During her campaign, Suu Kyi repeatedly identified achieving ethnic peace as her number one priority. After the realization of that objective, she was to pursue the creation of a federal system of the sort first promised by her father in the 1940s. There is no agreement on what precise shape that system would take, except that it would grant more autonomy to ethnic groups but stop short of giving them the right to secede. Suu Kyi’s promise to pursue ethnic peace was a tactical mistake, however, since she has little influence over how the military wages its wars against ethnic armed organizations, and the idea of a federal system is anathema to the generals. Nevertheless, her administration organized conferences in August 2016 and May 2017 with the aim of persuading more ethnic armed organizations to sign the National Ceasefire Agreement; the talks brought together armed groups, the military, and the government. Predictably, the meetings achieved little besides providing a forum for grand speeches and gestures, and in the aftermath of the conferences, the fighting actually intensified in several regions. In February 2018, two additional rebel groups signed on to the cease-fire amid much fanfare. But the groups that represent four-fifths of all the ethnic armed personnel in the country remain as opposed to signing as ever. Meanwhile, the generals adamantly refuse to create a federal army that would represent the country’s ethnic groups and regions, which is one of the ethnic armed organizations’ key demands; the military falsely contends that the armed forces are already inclusive and fair. At the same time, the armed groups have refused to disavow secession—a position that the military insists they must take as part of any final agreement.
Optimists believe that the ethnic armed organizations’ chief objective is to maximize their gains on the ground in preparation for eventual peace negotiations. In reality, their ultimate goal is the establishment of a federal system. Such a system represents a redline for the Tatmadaw: although military elites have adopted an increasingly pragmatic approach toward negotiation with the ethnic armed organizations, they continue to see federalism as the first step toward the country’s disintegration. The word “federalism” is no longer taboo in public discourse, as it had been for decades, but the top brass are unlikely to relax their long-standing opposition to a federal system anytime soon.
In the face of Western opprobrium over Myanmar’s treatment of the Rohingya, there are signs that the military might abandon its relatively recent quest to placate Western governments and instead return to a strategy of reliance on its traditional patron, China. China has always been Myanmar’s top trading partner and biggest investor, and for decades, Beijing was the main sponsor of Myanmar’s military junta. Suu Kyi’s first major trip abroad as state counselor, in August 2016, took her to Beijing. Her discussions there centered on business and trade issues, especially a few large infrastructure projects, such as a $7.2 billion deep-sea port in Rakhine State that China plans to build to give Chinese ships access to the Indian Ocean. Since then, the relationship between Myanmar and China has improved; in November 2017, Chinese President Xi Jinping described this moment in Chinese-Myanmar military relations as being the “best ever.” It helps that Chinese officials, unlike Western ones, do not admonish Suu Kyi and her government for their human rights violations.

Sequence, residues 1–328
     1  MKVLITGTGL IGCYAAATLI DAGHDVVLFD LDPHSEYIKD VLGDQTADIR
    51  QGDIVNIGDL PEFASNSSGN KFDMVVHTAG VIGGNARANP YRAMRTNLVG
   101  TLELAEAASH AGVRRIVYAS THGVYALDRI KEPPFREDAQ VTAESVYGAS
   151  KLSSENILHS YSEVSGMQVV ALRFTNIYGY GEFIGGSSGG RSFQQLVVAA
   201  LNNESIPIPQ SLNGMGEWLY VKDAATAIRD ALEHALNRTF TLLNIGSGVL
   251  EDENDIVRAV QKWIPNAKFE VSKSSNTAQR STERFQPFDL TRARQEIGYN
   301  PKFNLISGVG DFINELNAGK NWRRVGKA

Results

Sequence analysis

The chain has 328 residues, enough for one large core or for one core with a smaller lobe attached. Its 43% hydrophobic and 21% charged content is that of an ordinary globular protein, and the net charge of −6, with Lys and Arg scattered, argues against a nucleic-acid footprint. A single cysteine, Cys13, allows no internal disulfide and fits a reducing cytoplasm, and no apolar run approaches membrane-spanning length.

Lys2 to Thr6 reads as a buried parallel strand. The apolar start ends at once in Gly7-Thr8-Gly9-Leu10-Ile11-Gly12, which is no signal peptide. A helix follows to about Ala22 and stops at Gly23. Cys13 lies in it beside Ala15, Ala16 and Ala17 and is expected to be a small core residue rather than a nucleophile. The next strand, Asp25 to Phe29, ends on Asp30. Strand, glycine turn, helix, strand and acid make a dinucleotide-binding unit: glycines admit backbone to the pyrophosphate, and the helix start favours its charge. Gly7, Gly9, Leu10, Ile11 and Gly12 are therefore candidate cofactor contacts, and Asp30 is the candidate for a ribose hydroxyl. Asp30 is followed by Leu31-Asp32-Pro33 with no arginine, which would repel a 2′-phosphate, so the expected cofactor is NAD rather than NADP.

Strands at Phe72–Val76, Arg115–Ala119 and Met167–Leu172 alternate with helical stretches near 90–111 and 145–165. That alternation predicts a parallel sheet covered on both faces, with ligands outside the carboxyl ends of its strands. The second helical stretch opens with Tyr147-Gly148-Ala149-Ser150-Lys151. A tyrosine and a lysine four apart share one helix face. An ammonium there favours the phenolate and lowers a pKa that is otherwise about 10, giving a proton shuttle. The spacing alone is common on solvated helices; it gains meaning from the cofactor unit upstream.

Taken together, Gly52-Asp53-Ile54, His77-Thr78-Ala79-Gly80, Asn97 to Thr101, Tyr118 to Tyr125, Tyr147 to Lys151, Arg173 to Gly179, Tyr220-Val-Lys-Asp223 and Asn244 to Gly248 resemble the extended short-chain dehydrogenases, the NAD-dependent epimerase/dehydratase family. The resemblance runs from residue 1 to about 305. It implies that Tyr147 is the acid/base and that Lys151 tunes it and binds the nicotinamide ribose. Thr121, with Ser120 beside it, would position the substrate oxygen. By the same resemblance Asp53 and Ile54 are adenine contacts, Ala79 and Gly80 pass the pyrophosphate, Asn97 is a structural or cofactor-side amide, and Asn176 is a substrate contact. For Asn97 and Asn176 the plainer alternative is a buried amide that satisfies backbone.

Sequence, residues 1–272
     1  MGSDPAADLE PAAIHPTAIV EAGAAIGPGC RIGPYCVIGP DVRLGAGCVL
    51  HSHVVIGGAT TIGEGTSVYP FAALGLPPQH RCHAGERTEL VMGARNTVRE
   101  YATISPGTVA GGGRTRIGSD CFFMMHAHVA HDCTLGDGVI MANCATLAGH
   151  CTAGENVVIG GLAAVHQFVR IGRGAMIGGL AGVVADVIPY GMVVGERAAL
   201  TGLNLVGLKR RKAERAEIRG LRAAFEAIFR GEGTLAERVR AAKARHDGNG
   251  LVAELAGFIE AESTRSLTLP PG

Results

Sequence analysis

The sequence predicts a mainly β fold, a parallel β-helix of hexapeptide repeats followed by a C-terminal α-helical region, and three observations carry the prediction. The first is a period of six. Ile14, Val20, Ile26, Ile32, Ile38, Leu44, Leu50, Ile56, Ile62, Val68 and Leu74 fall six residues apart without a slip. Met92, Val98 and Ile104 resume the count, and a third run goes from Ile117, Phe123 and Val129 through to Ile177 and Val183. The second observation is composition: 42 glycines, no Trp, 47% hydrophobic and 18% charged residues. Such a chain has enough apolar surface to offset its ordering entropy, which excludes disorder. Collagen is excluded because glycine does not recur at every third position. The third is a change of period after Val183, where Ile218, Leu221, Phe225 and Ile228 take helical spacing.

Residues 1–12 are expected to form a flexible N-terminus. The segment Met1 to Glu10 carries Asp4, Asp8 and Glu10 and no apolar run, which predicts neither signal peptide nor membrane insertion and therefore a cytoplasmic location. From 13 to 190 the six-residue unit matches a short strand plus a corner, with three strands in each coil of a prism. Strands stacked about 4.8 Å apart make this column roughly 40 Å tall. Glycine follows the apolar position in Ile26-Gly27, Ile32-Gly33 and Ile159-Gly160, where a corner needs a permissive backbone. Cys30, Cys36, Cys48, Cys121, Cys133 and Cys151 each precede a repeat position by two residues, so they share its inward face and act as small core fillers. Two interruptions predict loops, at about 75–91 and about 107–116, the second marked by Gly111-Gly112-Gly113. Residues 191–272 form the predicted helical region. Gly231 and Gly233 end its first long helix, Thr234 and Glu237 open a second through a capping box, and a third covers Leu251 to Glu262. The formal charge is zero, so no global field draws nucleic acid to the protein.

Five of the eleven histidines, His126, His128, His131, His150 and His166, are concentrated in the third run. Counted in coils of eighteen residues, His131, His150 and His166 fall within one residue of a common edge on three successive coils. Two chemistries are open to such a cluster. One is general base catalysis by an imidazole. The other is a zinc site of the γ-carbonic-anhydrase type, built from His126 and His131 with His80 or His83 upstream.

Obama wanted to reward Myanmar’s progress; in hindsight, that was likely a mistake.
But the Chinese are pressing for progress on the civil war. Chinese leaders have endorsed negotiations between the Myanmar government and the country’s ethnic armed organizations, and Beijing facilitated the participation of some recalcitrant groups in the May 2017 conference. China has played a complex role in the civil war for decades, backing the government but also providing shelter, weapons, and training to some of the belligerent groups; such contacts have allowed China to extract natural resources (mostly illegally), such as jade, gold, and timber, from regions where militants operate. But it now seems that the Chinese want the violence to end because the rebels’ objectives have shifted from merely resisting government forces to improving their status within Myanmar, an aim that is more conducive to internal stability, and because the fighting has impeded economic development and trade. What’s more, the Chinese want to be seen as peacemakers in a region where they have long been regarded as a destabilizing presence.